Could fingerprint background checks become a standard requirement for teachers? It’s a question that legislators in North Carolina will be exploring in the coming months. A bill introduced in the state’s House of Representatives could reshape teacher background checks as a matter of state policy.
The legislation, currently labeled House Bill 240, would require teachers (as well as school and school district board members) to receive a fingerprint-based criminal history background check as part of North Carolina’s teacher licensing process.
If passed, House Bill 240 would not only demand fingerprint checks of all prospective teachers but also create a list of criminal convictions that would bar an individual from obtaining a teaching license in North Carolina. For instance, any violent crime “that indicates the employee poses a threat to the physical safety of students or personnel; or has demonstrated that he or she does not have the integrity or honesty to fulfill his or her duties as public school personnel” would disqualify a candidate from the licensing process. Such crimes include homicide, rape and other sex offenses, assaults, kidnapping or abduction, burglary, arson, robbery, prostitution, embezzlement, and fraud.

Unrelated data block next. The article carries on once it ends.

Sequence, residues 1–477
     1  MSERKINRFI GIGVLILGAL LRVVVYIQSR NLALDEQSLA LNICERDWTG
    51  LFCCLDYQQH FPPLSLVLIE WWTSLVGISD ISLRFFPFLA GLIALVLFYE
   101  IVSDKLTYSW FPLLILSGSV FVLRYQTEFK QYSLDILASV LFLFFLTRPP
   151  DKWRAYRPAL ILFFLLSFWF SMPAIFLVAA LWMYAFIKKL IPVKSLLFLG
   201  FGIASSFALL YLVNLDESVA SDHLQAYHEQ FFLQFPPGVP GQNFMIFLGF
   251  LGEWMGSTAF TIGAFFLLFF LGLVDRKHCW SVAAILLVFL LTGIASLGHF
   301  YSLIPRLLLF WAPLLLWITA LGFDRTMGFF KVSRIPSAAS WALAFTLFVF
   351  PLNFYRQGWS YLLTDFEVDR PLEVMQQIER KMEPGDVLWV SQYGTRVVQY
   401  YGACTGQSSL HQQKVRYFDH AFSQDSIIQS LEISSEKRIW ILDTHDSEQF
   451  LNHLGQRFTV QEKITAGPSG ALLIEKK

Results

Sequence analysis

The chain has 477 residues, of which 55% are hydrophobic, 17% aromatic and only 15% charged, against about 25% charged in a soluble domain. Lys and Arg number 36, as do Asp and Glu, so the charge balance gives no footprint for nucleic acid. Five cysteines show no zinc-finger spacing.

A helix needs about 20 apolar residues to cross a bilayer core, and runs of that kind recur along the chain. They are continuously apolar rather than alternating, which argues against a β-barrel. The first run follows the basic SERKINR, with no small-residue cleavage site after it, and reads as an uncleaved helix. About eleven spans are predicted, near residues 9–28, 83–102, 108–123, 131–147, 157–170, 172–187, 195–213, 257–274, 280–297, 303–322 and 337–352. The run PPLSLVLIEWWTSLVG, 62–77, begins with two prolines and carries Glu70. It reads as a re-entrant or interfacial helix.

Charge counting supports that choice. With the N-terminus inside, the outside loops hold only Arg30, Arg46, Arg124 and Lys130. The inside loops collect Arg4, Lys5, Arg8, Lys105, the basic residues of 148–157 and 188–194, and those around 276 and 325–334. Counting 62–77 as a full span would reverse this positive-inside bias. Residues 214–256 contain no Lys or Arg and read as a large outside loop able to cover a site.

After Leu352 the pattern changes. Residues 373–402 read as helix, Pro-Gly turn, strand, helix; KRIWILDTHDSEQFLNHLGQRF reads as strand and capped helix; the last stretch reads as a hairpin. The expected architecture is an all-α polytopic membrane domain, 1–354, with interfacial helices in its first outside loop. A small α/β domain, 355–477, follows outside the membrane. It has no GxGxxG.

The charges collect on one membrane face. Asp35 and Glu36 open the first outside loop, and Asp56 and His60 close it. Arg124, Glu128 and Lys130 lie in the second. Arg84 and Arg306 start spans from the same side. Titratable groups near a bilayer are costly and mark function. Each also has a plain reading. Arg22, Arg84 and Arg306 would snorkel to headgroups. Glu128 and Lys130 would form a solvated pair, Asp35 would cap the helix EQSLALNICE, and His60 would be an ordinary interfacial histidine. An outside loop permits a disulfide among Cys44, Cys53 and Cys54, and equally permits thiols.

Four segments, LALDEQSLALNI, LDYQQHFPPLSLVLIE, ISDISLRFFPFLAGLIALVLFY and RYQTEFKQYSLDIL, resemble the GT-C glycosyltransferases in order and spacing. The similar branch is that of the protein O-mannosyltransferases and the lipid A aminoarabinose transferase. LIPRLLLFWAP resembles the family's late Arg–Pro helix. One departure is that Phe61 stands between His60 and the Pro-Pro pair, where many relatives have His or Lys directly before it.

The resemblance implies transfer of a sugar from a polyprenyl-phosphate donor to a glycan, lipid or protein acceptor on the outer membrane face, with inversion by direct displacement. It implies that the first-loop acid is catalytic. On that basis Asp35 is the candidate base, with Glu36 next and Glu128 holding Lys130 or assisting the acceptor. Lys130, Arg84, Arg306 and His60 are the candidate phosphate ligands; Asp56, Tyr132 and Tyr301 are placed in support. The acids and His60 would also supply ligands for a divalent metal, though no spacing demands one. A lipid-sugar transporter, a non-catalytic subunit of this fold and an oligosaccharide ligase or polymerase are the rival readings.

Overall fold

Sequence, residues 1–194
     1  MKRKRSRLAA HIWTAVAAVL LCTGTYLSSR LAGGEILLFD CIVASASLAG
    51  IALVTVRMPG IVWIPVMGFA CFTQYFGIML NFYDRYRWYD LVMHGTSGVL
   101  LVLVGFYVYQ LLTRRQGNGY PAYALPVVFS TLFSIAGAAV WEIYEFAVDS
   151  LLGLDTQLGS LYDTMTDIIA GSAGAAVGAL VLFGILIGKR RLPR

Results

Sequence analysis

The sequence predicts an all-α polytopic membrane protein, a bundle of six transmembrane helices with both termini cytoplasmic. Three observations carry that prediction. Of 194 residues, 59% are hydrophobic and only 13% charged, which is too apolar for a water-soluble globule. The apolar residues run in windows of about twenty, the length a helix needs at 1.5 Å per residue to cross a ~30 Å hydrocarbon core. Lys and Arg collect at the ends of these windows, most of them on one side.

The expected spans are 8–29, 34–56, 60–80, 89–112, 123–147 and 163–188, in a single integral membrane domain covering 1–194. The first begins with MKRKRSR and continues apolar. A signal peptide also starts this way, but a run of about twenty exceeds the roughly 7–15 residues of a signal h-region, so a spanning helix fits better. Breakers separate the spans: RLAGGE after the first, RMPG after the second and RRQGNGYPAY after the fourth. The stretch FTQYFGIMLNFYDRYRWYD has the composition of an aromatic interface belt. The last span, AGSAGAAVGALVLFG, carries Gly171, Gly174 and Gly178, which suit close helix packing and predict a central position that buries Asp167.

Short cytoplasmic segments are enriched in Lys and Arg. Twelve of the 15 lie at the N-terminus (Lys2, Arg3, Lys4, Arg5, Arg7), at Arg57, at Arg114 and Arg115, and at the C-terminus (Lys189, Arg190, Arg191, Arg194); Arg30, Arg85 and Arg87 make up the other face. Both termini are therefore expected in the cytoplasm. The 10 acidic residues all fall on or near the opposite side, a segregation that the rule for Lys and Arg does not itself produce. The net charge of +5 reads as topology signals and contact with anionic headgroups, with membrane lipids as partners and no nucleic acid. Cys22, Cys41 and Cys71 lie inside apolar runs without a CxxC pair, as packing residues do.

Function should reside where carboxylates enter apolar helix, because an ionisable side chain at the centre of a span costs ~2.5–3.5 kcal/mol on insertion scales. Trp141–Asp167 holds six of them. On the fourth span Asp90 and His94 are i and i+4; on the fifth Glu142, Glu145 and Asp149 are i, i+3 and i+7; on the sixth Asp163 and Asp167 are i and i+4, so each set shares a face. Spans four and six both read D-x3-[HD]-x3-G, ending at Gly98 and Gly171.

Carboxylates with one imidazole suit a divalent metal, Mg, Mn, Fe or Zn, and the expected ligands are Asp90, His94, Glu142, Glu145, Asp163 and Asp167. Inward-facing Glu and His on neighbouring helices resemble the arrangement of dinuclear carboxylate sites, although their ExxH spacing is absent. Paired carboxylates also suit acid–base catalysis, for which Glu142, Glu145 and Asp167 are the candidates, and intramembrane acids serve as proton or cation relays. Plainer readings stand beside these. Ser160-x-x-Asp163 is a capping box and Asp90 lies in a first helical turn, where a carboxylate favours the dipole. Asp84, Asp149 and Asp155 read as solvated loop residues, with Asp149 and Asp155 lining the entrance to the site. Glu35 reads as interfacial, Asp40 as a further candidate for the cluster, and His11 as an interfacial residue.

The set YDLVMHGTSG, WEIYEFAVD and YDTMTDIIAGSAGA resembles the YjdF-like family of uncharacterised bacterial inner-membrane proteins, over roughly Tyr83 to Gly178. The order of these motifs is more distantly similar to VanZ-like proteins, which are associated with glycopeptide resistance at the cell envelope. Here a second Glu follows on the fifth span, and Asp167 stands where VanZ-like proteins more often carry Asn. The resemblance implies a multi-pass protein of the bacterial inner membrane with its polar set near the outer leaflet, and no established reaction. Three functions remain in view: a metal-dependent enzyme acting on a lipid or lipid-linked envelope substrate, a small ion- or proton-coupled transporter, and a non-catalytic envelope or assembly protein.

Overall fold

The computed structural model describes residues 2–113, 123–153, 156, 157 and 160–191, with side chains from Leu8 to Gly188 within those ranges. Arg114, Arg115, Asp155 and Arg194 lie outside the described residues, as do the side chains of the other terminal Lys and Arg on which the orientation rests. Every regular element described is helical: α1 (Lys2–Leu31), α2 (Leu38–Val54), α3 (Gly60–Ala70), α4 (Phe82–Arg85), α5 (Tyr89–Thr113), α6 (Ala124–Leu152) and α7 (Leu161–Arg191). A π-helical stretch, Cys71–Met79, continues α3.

House Bill 240 does not reflect the first time that lawmakers in North Carolina have considered mandating fingerprint background checks for teachers. Conversations about teacher background check reform have gained steam in the state since a 2016 USA Today study gave North Carolina (and many other states) an “F” grade for its approach to holding teachers accountable for misconduct.
North Carolina’s letter grade was so low in part because the state had no system in place for vetting teachers at the licensing level. Instead, the responsibility for background screening was placed on schools and school districts. These entities also had to decide which background checks to use on teachers.
Despite past legislative efforts, the state still has no current requirement for fingerprinting of teachers. House Bill 240 has been reviewed by the House Education Committee and has been approved for consideration by the full House. Discussions on the bill will continue over the next few months.
North Carolina isn’t the only jurisdiction considering requiring fingerprint background screenings in an educational setting. In Oregon, the Ontario School District Board of Directors is considering a policy that would require fingerprint background checks for school volunteers. Currently, the school district requires fingerprint background screenings for all “licensed staff,” including teachers, counselors, and administrators. The proposed policy would extend that requirement to volunteers.
The push for fingerprint background screening policies reflects a common misconception that fingerprinting allows for a more thorough background screening. At backgroundchecks.com, we have spent time exploring this question in depth to help clients understand whether it is true. To learn all about fingerprint background checks and their pros and cons, read our blog post on the subject.
About Michael Klazema The author
Michael Klazema is the lead author and editor for Dallas-based backgroundchecks.com with a focus on human resource and employment screening developments